Author's Note: Many thanks to Rilla for her beta of this story. This was originally written for the hp_tarot fic fest on livejournal. The card I chose was the Nine of Swords: this card represents the pain that we generate from within. What tortures we put ourselves through when our fears and doubts overwhelm us.
It all belongs to J K Rowling – I'm making no money from this.
The first time she saw him after his death, he was energetic and young, dressed in ill-fitting Muggle clothes and gazing through a fence at two young girls playing in a park.
Hermione sat back from the table, staring down at the now-silent Pensieve. The images she had seen whirled through her mind. Who would have thought that Severus Snape had loved so much. A devotion like his for Lily Potter – Evans, she corrected herself – was something she'd only seen in fanciful books. Well, books that she'd once thought only fanciful.
She could feel Harry's eyes on her, but she didn't look up. Not yet. "I… I didn't know," she murmured.
"Yeah." At the tone in Harry's voice, she glanced up and watched him brush his hair back from his forehead in a gesture reminiscent of their Hogwarts days. The now-faded scar held her gaze until a few locks of hair flipped back down to obscure it once again. "None of us did. You always defended him-"
"Because I had to." She bit her lip. Harry wasn't the only one who still displayed habits from years back. Thinking back, thinking of the times she'd defended Professor Snape to her two closest friends, she sighed. It seemed so long ago, when she had just been a student, trying to make a name for herself in this new, strange world. Now, she was a hero in said world. It didn't feel real. "He was our teacher. I wasn't any better at clairvoyance than you and Ron, just better at behaving as a proper student."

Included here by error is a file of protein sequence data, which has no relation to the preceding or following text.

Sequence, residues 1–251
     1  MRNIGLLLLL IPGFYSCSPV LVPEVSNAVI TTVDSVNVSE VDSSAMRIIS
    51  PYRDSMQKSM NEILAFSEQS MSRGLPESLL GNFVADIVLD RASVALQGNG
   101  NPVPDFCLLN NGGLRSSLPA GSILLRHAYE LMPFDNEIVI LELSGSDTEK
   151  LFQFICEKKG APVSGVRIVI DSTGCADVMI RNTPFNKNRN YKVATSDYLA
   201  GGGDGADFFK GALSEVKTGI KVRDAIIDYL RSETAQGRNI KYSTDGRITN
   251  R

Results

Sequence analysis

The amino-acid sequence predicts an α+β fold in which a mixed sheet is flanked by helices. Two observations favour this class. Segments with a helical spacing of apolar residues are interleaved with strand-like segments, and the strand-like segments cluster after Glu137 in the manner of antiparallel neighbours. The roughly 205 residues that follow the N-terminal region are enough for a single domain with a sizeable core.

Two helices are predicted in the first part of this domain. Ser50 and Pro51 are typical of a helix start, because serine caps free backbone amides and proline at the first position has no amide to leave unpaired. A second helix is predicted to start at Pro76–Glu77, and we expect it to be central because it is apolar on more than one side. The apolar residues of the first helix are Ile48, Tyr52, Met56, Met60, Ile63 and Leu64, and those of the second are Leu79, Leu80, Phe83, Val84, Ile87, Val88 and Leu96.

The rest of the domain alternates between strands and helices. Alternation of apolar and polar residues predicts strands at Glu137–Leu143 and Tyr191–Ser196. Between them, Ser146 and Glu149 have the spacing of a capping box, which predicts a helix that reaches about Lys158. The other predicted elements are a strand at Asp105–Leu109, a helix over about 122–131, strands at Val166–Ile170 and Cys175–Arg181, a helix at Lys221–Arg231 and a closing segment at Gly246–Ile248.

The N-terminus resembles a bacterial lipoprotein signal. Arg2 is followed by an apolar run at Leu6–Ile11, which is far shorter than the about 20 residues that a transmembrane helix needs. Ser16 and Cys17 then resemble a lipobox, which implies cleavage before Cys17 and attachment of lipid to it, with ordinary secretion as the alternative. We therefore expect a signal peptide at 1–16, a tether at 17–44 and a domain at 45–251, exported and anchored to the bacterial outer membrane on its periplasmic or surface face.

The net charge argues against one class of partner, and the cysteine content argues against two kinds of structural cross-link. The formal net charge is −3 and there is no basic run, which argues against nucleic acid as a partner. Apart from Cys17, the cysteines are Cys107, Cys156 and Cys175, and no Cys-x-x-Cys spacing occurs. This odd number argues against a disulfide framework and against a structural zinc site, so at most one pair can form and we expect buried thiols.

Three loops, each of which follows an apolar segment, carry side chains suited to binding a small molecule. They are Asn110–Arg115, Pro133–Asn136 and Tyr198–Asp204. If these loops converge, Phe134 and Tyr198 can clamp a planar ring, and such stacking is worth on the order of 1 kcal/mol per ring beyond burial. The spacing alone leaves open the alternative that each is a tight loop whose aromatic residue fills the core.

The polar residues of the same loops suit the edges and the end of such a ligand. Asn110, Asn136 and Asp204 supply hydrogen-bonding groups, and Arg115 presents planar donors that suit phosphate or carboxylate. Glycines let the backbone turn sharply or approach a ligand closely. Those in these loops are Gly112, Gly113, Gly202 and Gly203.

"Whatever the reason, you were right about him." Harry stood and paced a bit around the room.
"Thanks for finally showing me, Harry. I know it couldn't have been easy."
He continued to pace. She watched him silently, waiting, until he finally stopped by the window. Leaning heavily on the window sill, he said, "I wish I'd known, when he was still alive. When I could still dosomething."
Those words, and the images from the Pensieve, echoed in her mind for months. The echoes grew deeper and longer, touching her psyche in places she never anticipated. What would have been different, if she'd known before?
She let none of this show to the outside world, instead conducting her days as she always had. She spent time with friends, continued to be an exemplary employee, continued to spend time with Ron. At night, however, in her dreams, her mind broke free to torture her with possibilities. One morning, after a particularly vivid set of dreams, she lay in her bed staring at the ceiling. What would it be like, to be the object of such intense desire? A desire of the soul, beyond that of body or self? She loved Ron, and knew that he loved her, but… was it enough?
The image of black eyes filled with snapping fire caused her breath to catch, and she closed her eyes. What would it be like, to be with someone other than Ron? To be with him? Would it be anything like the dreams that tormented her almost every night?
With a sigh, she let one hand hand drift across her body, teasing a breast before sliding down further. Her other hand stroked her stomach, caressed the tops of her thighs, pinched a nipple… her breathing deepened and her back arched as years of practice combined with the leftover ache from her dreams brought her to completion quickly.
Her body still tingling with aftershocks, she wondered if it was the sign of a deranged mind that the long, slender fingers she had pictured in place of her own belonged to a dead man rather than her fiancé.